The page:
Monday, August 28, 2006

The Crocker Museum

Yesterday the M.C. Escher "Art of Illusion" exhibit drew me to the Crocker Museum in Sacramento, and after savoring the works of the master I wandered freely through other exhibits, including the Early California section, where two huge paintings by Charles Nahl flank the pair of curving stairs, on the second floor.

The inner sanctum at this second level contains, presently, among many other paintings, a huge Thomas Hill of Yosemite, as seen from Inspiration Point, perhaps, and beside it, a rather smaller painting of the Old Soda Springs on the Upper North Fork American, up around six thousand feet in elevation. Mark Hopkins, one of California's Big Four, acquired land there late in the 1860s, and, possibly in partnership with Leland Stanford, opened a hotel near the springs.

The current town of Soda Springs is merely where visitors to the North Fork's Soda Springs would get off the train, to ride in a stage coach the rest of the way, over eight miles of dusty road.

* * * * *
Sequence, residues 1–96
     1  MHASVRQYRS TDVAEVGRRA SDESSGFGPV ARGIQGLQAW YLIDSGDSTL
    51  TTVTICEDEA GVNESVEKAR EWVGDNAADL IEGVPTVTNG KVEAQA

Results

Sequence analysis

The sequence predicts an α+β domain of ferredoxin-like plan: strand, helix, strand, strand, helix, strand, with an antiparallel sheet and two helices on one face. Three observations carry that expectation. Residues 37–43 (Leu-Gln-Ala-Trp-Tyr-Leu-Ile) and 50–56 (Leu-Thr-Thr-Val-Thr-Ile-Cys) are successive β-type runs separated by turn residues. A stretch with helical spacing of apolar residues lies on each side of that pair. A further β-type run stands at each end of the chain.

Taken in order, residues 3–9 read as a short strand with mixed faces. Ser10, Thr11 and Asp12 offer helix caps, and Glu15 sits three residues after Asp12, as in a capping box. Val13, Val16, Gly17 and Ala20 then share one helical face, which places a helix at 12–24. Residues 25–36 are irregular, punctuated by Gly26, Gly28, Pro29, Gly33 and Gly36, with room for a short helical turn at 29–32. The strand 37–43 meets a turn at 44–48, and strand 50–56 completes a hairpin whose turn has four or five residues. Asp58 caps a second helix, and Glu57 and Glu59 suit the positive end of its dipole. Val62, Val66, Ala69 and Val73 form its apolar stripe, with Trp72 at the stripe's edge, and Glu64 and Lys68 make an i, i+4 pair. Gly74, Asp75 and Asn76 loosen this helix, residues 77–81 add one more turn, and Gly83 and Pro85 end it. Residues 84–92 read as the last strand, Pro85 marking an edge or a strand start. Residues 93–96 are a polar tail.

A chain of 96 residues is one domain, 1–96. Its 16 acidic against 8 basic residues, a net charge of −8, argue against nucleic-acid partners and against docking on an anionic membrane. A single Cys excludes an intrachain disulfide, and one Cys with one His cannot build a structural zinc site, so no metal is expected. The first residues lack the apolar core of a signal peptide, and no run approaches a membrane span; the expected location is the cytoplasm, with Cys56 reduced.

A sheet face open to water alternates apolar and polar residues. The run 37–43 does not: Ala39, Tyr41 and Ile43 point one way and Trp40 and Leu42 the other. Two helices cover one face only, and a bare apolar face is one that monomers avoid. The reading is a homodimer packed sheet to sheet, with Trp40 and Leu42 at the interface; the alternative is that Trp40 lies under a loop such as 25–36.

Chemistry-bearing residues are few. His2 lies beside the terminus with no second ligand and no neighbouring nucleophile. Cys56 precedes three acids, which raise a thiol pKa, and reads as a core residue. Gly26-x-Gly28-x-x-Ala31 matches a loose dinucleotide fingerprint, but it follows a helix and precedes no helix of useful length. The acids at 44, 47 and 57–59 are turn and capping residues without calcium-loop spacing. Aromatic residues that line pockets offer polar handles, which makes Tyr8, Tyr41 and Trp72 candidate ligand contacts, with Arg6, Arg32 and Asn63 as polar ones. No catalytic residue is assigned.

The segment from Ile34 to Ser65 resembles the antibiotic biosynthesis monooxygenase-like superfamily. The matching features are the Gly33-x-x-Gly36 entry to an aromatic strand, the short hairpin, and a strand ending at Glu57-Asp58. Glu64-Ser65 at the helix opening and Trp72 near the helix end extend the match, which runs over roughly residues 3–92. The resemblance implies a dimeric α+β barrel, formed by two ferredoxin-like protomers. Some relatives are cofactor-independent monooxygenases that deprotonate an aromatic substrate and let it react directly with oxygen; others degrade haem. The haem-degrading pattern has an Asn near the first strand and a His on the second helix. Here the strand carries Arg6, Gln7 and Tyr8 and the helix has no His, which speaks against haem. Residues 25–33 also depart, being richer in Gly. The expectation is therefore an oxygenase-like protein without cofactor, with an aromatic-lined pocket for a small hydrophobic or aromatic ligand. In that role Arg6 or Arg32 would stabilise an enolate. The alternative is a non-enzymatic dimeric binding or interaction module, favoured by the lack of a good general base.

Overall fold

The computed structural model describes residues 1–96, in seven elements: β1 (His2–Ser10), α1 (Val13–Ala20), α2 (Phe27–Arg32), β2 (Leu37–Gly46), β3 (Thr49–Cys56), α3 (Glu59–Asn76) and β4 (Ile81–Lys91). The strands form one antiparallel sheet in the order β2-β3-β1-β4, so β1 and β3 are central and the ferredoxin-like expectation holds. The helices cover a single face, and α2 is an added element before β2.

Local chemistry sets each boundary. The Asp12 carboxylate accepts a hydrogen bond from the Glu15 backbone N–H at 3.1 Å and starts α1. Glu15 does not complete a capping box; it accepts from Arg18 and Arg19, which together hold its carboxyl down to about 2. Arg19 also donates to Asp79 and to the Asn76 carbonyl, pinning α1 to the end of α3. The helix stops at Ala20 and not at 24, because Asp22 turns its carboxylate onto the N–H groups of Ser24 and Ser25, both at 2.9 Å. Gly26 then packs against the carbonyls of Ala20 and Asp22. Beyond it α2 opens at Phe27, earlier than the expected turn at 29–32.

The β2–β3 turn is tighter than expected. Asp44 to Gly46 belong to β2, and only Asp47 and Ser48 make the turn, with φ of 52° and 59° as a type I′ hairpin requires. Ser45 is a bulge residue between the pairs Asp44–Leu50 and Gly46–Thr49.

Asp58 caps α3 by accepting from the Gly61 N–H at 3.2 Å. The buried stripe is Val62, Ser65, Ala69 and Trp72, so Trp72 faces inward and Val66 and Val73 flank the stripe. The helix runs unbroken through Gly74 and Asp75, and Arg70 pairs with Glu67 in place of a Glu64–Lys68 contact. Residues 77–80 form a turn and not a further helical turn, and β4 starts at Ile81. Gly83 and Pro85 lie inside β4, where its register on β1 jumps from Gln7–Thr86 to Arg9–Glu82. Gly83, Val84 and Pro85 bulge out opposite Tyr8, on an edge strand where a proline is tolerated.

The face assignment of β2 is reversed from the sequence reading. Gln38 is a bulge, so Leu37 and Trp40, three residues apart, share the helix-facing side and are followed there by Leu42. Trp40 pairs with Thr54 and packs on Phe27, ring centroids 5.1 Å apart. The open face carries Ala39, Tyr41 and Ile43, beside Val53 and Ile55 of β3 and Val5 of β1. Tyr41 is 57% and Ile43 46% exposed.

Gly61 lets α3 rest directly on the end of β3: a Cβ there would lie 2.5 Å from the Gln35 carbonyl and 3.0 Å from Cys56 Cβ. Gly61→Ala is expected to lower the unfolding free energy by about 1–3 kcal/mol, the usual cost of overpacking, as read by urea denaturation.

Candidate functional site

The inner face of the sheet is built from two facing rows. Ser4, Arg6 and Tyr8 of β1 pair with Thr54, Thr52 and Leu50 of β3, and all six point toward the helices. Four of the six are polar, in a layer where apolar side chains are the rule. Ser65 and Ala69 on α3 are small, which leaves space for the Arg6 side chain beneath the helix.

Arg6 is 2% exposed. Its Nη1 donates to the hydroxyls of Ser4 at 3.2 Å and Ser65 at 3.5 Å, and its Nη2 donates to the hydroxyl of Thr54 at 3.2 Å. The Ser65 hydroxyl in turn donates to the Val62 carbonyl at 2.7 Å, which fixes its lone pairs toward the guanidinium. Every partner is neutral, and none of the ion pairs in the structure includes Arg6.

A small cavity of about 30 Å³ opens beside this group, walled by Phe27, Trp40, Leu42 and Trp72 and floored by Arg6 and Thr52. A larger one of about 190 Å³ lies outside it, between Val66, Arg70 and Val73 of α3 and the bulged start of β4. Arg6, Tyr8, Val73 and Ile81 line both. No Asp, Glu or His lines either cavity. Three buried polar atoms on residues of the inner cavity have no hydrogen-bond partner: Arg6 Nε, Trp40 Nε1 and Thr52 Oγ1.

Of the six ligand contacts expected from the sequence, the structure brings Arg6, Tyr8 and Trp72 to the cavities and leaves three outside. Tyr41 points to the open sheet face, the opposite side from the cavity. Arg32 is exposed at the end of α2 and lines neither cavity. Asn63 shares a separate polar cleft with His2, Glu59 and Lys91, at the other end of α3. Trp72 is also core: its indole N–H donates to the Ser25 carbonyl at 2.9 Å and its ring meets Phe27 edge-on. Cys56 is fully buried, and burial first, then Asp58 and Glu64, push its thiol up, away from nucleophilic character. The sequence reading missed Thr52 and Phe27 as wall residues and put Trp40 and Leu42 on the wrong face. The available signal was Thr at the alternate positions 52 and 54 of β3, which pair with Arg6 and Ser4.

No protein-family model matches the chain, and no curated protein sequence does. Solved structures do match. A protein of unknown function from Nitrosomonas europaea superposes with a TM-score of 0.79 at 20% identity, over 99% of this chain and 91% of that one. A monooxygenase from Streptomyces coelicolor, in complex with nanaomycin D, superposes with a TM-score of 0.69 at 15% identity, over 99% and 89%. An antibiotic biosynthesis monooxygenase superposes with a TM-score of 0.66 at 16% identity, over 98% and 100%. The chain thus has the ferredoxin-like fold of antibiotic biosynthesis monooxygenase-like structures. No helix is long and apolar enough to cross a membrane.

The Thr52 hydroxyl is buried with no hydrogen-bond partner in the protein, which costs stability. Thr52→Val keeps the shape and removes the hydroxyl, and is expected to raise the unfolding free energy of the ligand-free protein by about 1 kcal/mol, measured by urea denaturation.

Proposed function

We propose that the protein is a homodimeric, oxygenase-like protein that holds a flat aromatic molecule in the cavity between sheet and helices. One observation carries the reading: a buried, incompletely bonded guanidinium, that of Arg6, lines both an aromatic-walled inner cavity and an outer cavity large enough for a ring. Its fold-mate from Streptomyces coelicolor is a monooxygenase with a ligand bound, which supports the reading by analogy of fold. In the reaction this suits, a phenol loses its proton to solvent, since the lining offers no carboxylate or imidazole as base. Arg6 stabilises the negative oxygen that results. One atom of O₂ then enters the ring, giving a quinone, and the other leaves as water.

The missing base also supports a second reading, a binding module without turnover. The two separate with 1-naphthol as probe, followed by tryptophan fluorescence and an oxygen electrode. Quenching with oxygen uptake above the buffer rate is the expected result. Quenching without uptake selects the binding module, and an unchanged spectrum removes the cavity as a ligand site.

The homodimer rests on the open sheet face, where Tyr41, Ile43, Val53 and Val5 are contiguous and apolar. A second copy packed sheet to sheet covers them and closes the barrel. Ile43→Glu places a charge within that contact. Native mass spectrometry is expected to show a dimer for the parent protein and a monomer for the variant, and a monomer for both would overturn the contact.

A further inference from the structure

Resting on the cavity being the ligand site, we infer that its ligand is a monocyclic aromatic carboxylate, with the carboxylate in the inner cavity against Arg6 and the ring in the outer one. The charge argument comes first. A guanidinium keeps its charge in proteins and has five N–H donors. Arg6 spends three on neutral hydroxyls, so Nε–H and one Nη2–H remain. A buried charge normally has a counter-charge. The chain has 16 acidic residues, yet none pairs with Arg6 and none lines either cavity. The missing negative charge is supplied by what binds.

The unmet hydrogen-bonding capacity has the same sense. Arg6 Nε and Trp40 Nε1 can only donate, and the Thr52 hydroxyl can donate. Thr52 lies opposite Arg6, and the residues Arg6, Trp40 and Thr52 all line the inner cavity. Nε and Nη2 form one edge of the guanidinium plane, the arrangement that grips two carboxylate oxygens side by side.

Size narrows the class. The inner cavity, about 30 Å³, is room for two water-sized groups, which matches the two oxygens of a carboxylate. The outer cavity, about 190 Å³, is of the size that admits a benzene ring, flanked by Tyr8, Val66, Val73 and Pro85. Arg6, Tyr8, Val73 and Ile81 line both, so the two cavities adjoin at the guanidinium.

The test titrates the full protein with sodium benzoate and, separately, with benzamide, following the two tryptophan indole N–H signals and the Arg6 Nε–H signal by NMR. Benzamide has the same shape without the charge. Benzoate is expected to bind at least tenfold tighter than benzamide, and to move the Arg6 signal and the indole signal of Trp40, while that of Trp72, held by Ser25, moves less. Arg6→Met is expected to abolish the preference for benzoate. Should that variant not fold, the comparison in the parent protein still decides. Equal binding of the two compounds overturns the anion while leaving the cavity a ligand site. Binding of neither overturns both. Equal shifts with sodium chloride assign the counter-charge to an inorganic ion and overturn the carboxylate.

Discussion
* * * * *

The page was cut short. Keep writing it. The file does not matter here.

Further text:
The painting is by one Norton Bush, and dates from 1868. Anderson Peak and Tinkers Knob loom in the background, both somewhat exaggerated in size and shape, and in the foreground is a meadow flanked by a waterfall on the left. In the meadow is the Hopkins Cabin, but no hotel; the hotel would not appear until 1870, as I recall. And near the cabin are two people, one a man with a gun.

The text accompanying the Bush painting calls this neat, rectangular, gabled, squared-log cabin the "Mary Hopkins" cabin.

At any rate, the painting makes an interesting record, within the history of the upper North Fork. I hadn't been aware that this painting existed. I have a newspaper record of a "blockhouse" soon to be a-building, near or at the soda springs, around 1864, for gold mining purposes, and I have always wondered whether the Hopkins Cabin, which still stands, might have been this very blockhouse.

The M.C. Escher exhibit only stays until September 3, and I wouldn't know how long the Bush painting will stay up, in the Early California section. I have the Crocker at 216 O St. Sacramento.

No comments: